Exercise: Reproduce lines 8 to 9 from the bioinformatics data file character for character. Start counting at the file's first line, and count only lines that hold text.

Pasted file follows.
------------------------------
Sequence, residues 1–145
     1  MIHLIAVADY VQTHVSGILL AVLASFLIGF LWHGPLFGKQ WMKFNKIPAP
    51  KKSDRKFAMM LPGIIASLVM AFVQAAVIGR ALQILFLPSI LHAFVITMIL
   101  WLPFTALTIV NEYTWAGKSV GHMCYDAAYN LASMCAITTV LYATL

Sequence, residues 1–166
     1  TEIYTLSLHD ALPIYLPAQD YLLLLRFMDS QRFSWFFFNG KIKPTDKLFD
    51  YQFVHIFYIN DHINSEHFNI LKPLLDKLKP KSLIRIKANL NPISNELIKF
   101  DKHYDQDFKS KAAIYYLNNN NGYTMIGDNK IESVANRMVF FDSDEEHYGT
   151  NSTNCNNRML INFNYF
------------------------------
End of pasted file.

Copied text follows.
   101  DKHYDQDFKS KAAIYYLNNN NGYTMIGDNK IESVANRMVF FDSDEEHYGT
   151  NSTNCNNRML INFNYF